License required to repair doors? Regs spark heated debate in Arizona
Arizona wants to make it easier for workers who need an occupational license for their jobs.
A bill making its way through the state legislature would allow out-of-staters moving to Arizona to do their job with the occupational license they received from another state. Right now, Arizona has some of the most stringent laws that require workers to go through the state’s rigorous licensing standards before being allowed to work.
“This is actually a first of its kind bill and I think it's one that's going to set the trend for a lot of other states,” Steve Slivinski, Arizona State University Center of for the Study of Economic Liberty senior research fellow, said. “It's going to make Arizona a lot more competitive for people moving to the state…a lot of the licensing burdens we see nowadays are really excessive. It’s overregulation.”
The occupational licensing bill is now up for a final vote in the Senate.
ASU trio study socioeconomic and health effects of introducing solar technology to rural communities in Belize
Tucked away somewhere, in the annals of many a university’s research archives, are the theses of the students of yesteryear. Grand ideas, curious inquiries and profound realizations — true products of blood, sweat and tears — collecting dust.
Not so at ASU.
The honors thesis being developed by a group of interdisciplinary Barrett, The Honors College students, detailing the socioeconomic effects of the introduction of solar technology to rural communities in Belize, is already having real-world impact.
Later this month, Ivan Bascon, Olivia Gonzalez and Grant Laufer will present their initial findings at the Human Development Conference in Indiana, and they’ve also invited a representative from the organization that supplied the solar technology to sit in when they defend their thesis this spring.
It’s the difference between research for the sake of knowledge and research for the public good.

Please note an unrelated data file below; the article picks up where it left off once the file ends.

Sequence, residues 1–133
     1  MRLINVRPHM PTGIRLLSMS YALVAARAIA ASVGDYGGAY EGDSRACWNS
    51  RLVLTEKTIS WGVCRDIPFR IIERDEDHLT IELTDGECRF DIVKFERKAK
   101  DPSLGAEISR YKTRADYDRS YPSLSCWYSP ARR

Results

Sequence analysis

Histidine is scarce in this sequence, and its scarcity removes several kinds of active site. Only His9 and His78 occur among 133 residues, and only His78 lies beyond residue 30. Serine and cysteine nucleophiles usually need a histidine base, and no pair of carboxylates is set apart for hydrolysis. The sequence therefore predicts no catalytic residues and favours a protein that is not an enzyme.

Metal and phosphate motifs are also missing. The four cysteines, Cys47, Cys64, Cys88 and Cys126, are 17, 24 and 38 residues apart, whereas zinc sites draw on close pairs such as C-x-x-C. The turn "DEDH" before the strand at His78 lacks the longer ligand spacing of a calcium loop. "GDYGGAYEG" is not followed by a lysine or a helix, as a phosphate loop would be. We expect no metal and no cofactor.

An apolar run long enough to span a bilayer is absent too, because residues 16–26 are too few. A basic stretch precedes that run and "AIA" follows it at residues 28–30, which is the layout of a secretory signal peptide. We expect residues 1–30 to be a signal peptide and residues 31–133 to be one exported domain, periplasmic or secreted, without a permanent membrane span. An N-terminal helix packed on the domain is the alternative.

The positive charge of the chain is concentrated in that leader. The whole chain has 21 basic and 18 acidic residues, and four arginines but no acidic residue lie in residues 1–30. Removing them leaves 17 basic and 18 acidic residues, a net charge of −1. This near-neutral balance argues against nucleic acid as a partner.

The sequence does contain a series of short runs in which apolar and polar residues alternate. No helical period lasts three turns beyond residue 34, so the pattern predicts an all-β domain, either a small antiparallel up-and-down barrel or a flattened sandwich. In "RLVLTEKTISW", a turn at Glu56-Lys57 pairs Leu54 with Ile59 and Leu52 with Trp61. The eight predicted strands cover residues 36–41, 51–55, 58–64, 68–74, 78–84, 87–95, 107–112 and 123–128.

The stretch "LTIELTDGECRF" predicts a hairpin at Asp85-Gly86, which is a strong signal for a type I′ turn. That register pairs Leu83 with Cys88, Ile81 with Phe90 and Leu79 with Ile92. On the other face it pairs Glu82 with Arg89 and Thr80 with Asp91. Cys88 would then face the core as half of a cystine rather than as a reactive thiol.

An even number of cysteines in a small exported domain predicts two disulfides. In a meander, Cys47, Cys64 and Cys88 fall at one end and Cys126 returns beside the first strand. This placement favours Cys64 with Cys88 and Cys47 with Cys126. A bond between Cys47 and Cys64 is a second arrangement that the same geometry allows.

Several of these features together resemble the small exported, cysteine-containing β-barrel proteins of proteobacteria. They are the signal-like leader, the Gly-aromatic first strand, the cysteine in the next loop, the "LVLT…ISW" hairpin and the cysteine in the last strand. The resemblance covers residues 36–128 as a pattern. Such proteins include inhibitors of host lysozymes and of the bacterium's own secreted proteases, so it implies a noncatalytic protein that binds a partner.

“Now there's a possibility of them actually implementing positive changes based on the research that we did as opposed to just letting it sit in the Barrett repository forever,” said Gonzalez, a global health senior.
Video by Deanna Dent/ASU Now
The idea for their thesis came about after participating in The Global Intensive Experience, a unique study abroad program sponsored by the School of Civic and Economic Thought and Leadership designed to expose students to liberal democracy in different contexts around the world.
Currently, GIE offers programs in north India, Israel and the West Bank, with another in development in South Africa.
Bascon, a molecular biosciences and biotechnology senior; Laufer, an economics and business senior; and Gonzalez participated in the spring 2018 program in India, where they witnessed the work being done at Barefoot College, a volunteer organization founded in 1986 that trains poor, rural women — called Solar Mamas — from all over the world to become entrepreneurs and produce solar-energy technology to take back to their communities.
What they saw blew them away.
“It almost just seemed too amazing to be true,” Laufer said. “Just all these foreign people coming together, different languages, different backgrounds, and they're all learning to be solar engineers. You can't walk away from that without wanting to know more.”
As individuals who share an interest in international development, they were also impressed with the nonprofit’s focus on sustainable empowerment.